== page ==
RAPID CITY, S.D. (KOTA TV) "I had a horrible attack, I mean, I couldn't breathe, I couldn't do anything, I came upstairs and my wife said I was whiter than my hair," said Juel Rall, a former patient.
Juel Rall is one man who benefited from the impella device.
"Today's a special day because it's an opportunity for the community to know that we're talking about the world's smallest and smartest heart pump," said Bhaskar Purushottam, cardiologist.
Driving across the nation in a semi-truck to teach doctors, a traveling classroom shows doctors the ins and outs of heart healing.
"The device has a pigtail shape and this is what sits inside the heart's pumping chamber, so using the x-ray we guide this in, put it inside the heart's pumping chamber, and the way the device works is the best analogy I can give is like a jet ski, so the way jetski goes, is it sucks blood underneath and shoots it out the back, which propels it forward," said Joseph Tuma, medical director of Regional Health.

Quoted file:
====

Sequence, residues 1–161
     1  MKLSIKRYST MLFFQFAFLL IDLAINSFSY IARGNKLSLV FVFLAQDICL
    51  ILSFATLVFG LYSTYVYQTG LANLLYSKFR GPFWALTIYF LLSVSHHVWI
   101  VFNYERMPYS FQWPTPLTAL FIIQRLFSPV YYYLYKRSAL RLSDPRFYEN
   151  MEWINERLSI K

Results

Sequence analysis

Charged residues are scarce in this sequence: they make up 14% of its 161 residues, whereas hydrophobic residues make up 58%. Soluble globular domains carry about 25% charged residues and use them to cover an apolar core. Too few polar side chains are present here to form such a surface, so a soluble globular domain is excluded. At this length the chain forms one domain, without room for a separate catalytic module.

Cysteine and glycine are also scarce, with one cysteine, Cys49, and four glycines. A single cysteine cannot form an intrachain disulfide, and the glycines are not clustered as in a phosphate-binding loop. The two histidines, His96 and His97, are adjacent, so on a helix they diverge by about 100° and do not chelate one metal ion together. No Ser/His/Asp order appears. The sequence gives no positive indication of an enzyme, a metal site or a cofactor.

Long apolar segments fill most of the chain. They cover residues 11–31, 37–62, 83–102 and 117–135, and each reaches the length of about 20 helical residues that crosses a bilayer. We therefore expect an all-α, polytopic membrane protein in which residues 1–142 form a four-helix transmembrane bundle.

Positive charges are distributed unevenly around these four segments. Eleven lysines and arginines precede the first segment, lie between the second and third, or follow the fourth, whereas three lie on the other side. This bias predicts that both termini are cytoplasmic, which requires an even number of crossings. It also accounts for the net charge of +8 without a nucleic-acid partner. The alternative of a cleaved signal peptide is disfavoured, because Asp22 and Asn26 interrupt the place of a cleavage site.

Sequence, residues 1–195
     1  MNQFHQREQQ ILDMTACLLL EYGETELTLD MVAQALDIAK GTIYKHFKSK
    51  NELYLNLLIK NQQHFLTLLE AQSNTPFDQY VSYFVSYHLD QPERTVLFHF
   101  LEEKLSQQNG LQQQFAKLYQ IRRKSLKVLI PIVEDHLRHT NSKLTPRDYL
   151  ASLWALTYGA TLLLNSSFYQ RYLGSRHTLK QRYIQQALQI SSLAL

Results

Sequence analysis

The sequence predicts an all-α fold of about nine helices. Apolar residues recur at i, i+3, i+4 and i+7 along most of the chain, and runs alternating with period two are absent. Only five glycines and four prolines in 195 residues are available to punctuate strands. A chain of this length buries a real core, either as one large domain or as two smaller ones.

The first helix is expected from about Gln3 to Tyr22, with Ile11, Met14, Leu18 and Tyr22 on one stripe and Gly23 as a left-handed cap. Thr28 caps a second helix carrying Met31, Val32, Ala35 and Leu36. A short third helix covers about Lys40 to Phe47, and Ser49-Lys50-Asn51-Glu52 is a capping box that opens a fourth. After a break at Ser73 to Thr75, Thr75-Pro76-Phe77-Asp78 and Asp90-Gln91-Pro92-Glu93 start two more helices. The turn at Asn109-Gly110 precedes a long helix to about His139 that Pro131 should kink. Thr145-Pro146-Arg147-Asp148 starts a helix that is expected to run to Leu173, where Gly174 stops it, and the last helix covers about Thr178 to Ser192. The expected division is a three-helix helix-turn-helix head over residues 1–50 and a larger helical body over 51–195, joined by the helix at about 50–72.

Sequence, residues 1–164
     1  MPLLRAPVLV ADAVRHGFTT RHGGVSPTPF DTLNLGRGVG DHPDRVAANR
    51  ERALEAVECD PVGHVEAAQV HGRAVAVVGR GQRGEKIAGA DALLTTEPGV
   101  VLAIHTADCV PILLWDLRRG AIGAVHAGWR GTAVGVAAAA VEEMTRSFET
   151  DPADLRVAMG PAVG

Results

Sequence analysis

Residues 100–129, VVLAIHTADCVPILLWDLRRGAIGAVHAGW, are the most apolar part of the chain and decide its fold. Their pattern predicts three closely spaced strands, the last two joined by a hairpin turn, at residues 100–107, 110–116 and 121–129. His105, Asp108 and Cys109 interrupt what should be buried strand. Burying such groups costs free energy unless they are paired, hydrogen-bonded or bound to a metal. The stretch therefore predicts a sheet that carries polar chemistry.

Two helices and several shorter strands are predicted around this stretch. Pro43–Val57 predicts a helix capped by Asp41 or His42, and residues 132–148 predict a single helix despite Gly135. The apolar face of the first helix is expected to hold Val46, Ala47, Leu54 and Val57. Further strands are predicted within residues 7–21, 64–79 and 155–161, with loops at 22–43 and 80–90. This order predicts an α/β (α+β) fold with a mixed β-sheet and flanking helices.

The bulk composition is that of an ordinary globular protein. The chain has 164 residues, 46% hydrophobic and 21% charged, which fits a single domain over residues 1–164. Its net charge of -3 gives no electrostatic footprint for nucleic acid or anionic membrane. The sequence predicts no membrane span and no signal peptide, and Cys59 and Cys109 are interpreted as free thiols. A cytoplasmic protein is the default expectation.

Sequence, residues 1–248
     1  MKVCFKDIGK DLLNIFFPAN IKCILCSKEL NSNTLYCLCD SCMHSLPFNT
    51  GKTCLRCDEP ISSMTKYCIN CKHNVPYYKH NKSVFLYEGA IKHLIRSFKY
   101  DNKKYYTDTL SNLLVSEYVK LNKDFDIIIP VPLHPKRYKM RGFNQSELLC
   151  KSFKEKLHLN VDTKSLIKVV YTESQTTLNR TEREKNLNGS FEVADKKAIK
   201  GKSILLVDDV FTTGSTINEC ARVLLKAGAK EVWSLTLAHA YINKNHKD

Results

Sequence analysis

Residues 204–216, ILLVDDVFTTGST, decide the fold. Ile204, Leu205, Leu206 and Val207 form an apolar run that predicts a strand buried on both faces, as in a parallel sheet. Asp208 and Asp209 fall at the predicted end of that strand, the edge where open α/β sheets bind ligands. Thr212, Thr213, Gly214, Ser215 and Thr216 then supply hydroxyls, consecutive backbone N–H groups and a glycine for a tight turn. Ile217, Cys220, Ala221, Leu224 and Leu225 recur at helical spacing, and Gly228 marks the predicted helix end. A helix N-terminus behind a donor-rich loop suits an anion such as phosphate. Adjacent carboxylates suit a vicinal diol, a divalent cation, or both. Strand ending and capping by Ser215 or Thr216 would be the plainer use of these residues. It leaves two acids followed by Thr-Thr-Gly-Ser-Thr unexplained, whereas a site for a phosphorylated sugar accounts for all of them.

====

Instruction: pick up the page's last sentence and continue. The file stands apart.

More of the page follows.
Instead of open-heart surgery, Doctor Bhaskar Purushottam used the impella device on Rall meaning he was out of the hospital the next day.
"The only thing I remember he asked me, he said, do you want to go ahead or do you want to think about it and I thought I'm laying here on this bed, what have I got to think about so yeah go ahead and do it," said Juel Rall, a former patient.
Purushottam said this device is a medical game-changer.
"We have a tool and therefore, patients who previously were considered high risk for surgery don't have to live in chest pain or shortness of breath and don't have to live with damaged hearts, they can be fixed," said Bhaskar Purushottam, cardiologist.